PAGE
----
Archive for the ‘BeingGreen’ Category


Fun with Bicycles (or, How Not To Ride One)

July 23, 2009

I’m going to make a confession now that is actually less embarassing than one might expect: I never learned to ride a bicycle.

(Gasp!  Shock.  Really?  Yes.)  Why?  Numerous reasons:

One, I was a coward as a kid.  I’ll be the first to admit it.  I also didn’t learn to swim or climb trees, for exactly the same reason.

Two, the bicycle is an insidious device.  With only two wheels and (in my case) a seat designed to give you crotch bruises, these suckers are anything but fun for the novice.

Combine that with certain feelings of inadequacy (having an older sister and cousin who could already ride perfectly and certainly weren’t patient enough to help me learn), frustration with relatives (PLEASE, Dad, do NOT walk up to me after I’ve killed my ass and ask me in the perkiest tone you can muster if I’ve been “practicing riding my bike”), and an uncontrollable feeling of terror whenever the thing goes too fast and you have a recipe for disaster.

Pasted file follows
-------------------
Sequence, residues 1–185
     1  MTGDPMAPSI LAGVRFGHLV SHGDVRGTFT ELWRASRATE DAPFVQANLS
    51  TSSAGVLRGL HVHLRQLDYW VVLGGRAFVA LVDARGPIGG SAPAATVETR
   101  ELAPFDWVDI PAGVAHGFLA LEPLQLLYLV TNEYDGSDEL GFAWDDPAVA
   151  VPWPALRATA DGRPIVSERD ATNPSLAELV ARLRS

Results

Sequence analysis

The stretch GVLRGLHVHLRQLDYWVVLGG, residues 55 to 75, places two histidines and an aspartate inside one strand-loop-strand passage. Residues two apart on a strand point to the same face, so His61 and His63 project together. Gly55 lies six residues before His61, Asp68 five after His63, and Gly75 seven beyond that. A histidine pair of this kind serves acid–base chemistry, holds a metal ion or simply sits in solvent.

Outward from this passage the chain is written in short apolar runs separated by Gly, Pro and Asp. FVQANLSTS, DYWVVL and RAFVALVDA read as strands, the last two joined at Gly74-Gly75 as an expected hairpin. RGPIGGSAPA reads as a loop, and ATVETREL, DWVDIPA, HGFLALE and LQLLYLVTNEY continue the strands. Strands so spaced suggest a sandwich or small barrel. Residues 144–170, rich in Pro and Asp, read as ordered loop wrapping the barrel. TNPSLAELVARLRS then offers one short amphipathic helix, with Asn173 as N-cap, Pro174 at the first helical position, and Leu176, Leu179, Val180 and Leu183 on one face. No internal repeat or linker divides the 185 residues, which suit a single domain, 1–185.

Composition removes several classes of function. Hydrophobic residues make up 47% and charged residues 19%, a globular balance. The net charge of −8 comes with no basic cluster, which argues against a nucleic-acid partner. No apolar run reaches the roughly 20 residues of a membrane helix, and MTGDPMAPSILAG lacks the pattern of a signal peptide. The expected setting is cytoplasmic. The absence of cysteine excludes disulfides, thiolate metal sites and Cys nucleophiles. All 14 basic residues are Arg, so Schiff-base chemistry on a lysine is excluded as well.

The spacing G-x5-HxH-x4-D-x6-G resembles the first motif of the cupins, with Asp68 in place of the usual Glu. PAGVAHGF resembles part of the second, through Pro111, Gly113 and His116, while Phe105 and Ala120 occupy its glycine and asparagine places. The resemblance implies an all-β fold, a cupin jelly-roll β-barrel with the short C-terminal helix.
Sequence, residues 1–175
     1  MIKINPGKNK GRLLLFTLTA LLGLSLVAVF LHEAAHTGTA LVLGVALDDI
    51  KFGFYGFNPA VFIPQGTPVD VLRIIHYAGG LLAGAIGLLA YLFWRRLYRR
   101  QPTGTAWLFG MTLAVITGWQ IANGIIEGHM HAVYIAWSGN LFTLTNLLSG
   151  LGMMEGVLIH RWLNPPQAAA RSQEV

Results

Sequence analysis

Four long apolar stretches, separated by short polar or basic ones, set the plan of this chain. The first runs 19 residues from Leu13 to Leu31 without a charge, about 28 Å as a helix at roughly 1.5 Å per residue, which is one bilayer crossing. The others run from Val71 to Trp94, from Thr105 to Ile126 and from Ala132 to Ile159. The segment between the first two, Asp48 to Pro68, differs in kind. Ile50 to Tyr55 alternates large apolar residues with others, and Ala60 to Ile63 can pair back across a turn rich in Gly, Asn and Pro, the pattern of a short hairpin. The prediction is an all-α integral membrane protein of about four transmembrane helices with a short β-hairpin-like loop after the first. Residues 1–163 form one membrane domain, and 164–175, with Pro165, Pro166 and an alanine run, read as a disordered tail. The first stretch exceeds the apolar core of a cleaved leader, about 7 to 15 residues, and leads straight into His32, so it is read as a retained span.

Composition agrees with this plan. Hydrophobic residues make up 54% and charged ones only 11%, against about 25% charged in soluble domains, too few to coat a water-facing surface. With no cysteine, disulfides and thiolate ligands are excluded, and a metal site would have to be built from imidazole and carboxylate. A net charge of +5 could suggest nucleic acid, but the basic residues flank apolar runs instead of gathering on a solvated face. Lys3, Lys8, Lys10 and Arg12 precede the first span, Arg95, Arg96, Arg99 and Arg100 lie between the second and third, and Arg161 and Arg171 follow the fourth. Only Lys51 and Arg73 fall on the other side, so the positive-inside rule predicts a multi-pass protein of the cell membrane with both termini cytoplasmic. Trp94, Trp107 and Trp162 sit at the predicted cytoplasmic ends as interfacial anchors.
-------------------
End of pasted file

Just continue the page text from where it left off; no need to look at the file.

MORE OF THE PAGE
Fortunately, I learned a few helpful things today that should help to minimize discomfort, panic, and injury for anyone who’s just starting out on a bike, but especially me.

Lesson One: How Not To Ride A Bike

1. My sister’s method: Start at the top of a shallow hill and coast down, keeping your feet a short distance from the ground.  Repeat until you stop going into panic attacks.

Why?  Because this happens: The bike starts going too fast.  You try in vain to brake, by touching the ground with your feet, but by this time it’s already too late.  You have two choices: fall over or stand up, hold on, and skid along the ground while the bike humps you from below until it finally stops.  Then, if you have something else in common with me, you hyperventilate for the next few seconds.

2. Mother’s advice: Disregard sister’s advice.  Get on the bike, push off, and start pedaling.

And be ready for Panic Attack #2, because – again, only if you’re like me – as soon as the bike starts to pick up speed, you freak out.  Assuming the bike ever picks up speed in the first place.  The alternative: you try to pedal, the bike tips over.  You try to correct the problem.  It fails and you have another panic attack.